Europe 1994
SNES
Donkey Kong Land

UnitedStatesDKL65.jpg

Donkey Kong Land was the first installment of the Donkey Kong Land series, where is was a completely new and original follow-up to the game Donkey Kong Country. This is Cranky Kong's only time being an antagonist, because he was so jealous of Donkey Kong and Diddy Kong's success from the previous game, he told them he would never cut in on an 8-bit system (the system being the Game Boy (8-bit)), and told King K. Rool to steal bananas from the Banana Hoard.
USA 1995
Game Boy
Donkey Kong Country 2: Diddy's Kong Quest

DKC2.jpg

Donkey Kong Country 2: Diddy's Kong Quest is the second Donkey Kong Country game for the Super Nintendo. It is the sequel of Donkey Kong Country and is also the predecessor to Donkey Kong Country 3: Dixie Kong's Double Trouble! and Donkey Kong Country Returns. The game has a Game Boy pseudo-sequel, Donkey Kong Land 2, that was released one year after the original. It was released in 1995 and stars Diddy Kong, as he and his partner, Dixie Kong, make their way through Crocodile Isle to save Donkey Kong from the Kremling Krew. In 2004, a remake of the game was made for the Game Boy Advance. It features several differences, including the addition of photographs and extra DK Coins. Later in 2007, the game was remade on the Virtual Console to play on the Wii system.
USA 1995
SNES
Donkey Kong Land 2

Donkey Kong Land 2 Box Art.jpg

Donkey Kong Land 2 is a video game developed by Rareware and published by Nintendo for the Game Boy. Released in September 1996, it is a sequel to Donkey Kong Land, a predecessor to Donkey Kong Land III, and the handheld follow-up of Donkey Kong Country 2: Diddy's Kong Quest. Like its predecessor, the game features a yellow cartridge and Super Game Boy special features, giving the game a special banana border when played on a Super Game Boy.
USA 1996
Game Boy
Donkey Kong Country 3: Dixie Kong's Double Trouble

DKC3 Cover.jpg

Donkey Kong Country 3: Dixie Kong's Double Trouble! is the third game in the popular Donkey Kong Country game series. It is the sequel to Donkey Kong Country 2: Diddy's Kong Quest. It also has a semi-sequel for the Game Boy, Donkey Kong Land III, as well another sequel, Donkey Kong Country Returns, for the Wii. The game stars Dixie Kong and her little cousin, Kiddy Kong, as they travel through the numerous lands of the Northern Kremisphere in order to rescue Donkey Kong and Diddy Kong from the Kremling Krew and their new leader, KAOS.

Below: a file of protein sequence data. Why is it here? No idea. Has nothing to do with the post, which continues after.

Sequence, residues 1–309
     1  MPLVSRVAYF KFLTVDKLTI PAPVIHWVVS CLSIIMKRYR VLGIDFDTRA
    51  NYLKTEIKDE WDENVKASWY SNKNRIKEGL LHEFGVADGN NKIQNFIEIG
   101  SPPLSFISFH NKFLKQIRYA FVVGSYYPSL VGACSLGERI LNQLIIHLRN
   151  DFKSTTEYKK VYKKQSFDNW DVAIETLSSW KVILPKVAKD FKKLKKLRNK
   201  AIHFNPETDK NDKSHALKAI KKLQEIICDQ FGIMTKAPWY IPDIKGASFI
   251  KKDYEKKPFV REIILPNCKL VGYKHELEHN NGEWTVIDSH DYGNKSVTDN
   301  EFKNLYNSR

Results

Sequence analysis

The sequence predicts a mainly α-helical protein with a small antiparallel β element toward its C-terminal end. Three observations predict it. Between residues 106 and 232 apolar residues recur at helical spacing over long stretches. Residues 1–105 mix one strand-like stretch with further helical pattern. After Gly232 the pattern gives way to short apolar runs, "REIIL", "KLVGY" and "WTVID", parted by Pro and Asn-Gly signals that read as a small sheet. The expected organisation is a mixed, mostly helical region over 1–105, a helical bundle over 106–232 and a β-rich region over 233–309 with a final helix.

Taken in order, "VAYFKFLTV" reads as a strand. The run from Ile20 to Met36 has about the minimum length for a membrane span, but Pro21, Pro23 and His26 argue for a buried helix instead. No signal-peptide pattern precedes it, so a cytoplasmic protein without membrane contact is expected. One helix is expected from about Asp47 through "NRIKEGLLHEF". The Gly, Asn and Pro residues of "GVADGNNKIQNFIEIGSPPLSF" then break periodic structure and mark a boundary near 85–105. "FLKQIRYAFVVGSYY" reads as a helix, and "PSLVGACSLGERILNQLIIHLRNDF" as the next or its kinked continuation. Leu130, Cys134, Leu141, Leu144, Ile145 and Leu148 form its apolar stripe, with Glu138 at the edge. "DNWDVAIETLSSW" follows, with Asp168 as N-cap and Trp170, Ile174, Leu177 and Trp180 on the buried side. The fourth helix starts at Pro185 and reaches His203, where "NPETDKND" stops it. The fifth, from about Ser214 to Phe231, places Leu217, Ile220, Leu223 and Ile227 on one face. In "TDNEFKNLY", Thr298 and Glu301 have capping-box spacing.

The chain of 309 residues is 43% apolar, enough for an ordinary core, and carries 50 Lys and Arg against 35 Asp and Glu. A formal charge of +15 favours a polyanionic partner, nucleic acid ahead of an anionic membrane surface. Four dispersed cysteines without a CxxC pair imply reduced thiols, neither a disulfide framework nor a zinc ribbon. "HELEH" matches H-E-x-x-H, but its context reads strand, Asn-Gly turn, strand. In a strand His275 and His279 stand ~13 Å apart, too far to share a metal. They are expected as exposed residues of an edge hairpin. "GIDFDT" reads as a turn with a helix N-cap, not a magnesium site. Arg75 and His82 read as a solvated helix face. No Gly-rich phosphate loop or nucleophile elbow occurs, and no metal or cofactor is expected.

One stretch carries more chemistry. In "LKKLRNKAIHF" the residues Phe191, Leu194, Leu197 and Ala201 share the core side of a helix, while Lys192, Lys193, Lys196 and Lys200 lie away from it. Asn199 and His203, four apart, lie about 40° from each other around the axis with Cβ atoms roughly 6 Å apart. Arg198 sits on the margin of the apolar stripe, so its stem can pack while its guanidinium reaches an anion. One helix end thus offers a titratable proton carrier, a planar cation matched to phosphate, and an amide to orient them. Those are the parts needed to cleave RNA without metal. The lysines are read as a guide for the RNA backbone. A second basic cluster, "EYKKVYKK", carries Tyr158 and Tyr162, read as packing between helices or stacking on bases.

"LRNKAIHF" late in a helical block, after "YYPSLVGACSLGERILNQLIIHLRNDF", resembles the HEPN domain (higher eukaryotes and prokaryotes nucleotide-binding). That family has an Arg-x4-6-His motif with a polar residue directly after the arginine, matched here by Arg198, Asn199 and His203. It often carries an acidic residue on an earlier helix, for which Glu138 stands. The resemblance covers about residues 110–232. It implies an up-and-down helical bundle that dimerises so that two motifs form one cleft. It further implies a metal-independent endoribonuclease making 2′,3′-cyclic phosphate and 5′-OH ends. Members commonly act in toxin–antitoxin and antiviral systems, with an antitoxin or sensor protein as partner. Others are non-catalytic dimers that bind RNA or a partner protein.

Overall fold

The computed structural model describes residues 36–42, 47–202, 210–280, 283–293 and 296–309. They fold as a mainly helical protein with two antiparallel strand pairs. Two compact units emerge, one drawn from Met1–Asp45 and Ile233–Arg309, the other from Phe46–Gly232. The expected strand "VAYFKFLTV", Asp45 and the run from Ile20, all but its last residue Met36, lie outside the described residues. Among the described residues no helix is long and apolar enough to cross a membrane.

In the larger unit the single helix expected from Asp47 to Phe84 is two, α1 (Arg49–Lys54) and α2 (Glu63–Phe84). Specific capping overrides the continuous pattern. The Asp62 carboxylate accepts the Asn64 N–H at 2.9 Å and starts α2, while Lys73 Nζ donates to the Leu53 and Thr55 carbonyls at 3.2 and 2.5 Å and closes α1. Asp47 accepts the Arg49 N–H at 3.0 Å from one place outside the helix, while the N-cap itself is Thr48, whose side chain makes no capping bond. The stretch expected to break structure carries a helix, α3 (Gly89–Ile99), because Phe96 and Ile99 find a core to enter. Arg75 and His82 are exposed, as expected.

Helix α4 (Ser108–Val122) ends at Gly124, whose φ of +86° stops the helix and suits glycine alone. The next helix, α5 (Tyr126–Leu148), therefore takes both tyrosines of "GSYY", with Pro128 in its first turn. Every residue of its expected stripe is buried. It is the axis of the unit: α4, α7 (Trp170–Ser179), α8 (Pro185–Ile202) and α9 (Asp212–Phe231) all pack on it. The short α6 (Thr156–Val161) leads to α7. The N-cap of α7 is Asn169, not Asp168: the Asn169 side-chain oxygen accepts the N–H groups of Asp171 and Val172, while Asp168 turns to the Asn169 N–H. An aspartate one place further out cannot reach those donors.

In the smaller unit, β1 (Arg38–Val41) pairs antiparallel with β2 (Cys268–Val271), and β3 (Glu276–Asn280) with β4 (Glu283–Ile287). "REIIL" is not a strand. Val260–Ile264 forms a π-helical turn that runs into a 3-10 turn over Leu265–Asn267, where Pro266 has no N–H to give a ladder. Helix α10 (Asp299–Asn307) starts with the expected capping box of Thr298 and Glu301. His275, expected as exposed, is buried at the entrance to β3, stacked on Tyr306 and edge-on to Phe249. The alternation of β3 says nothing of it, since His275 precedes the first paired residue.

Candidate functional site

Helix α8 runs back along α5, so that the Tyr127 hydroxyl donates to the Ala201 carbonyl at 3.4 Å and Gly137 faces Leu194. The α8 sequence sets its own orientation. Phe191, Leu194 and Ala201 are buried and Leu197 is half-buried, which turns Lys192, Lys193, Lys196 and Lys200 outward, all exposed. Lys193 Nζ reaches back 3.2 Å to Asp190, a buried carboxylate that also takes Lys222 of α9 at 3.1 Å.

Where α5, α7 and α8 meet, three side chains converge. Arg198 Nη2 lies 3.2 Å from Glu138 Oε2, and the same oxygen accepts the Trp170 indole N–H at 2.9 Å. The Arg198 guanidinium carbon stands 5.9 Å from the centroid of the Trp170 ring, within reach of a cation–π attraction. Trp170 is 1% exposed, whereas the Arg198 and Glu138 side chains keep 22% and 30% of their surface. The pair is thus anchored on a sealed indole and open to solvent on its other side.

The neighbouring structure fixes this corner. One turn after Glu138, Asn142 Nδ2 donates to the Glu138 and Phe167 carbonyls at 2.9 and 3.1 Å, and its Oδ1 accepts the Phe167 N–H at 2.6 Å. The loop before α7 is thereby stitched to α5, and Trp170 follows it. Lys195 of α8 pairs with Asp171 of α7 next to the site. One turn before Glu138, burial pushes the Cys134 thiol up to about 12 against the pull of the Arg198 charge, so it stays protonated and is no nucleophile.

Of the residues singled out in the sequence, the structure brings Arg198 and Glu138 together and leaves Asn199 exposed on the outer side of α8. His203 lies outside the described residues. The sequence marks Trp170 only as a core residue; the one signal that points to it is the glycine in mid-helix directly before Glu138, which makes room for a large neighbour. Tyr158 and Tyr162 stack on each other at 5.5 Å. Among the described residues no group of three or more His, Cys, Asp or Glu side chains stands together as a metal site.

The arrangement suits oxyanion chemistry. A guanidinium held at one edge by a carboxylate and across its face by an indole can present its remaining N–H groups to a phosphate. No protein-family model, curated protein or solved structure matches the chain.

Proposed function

Europe 1996
SNES
Donkey Kong Land III

Donkey Kong Land 3 Box Art.jpg

Donkey Kong Land III (or Donkey Kong Land 3) is a video game for the Game Boy released by Nintendo in 1997. Loosely based on the Super Nintendo game, Donkey Kong Country 3: Dixie Kong's Double Trouble!, it is the third and final entry in the Donkey Kong Land series. Like previous games in the series, it features enhancements for the Super Game Boy and is housed in a yellow cartridge. The original Game Boy game was never released in Japan, however, it was eventually ported to the Game Boy Color and released in Japan on January 28, 2000 as Donkey Kong GB: Dinky Kong & Dixie Kong.
USA 1997
Game Boy
Diddy Kong Racing

Diddysracing.jpg

Diddy Kong Racing is a game for Nintendo 64. Like the Mario Kart series, Diddy Kong Racing is a racing game, but makes use of airplanes, hovercrafts, and cars; it is also the first game of the Diddy Kong Racing series. The game has a story mode, multiplayer modes, and a variety of characters (many from Rare series), such as Diddy Kong, Banjo, Tiptup, and Conker, but not Donkey Kong. The game was a success that earned it a Player's Choice title and a remake for the Nintendo DS.
Japan 1997
Nintendo 64
Donkey Kong 64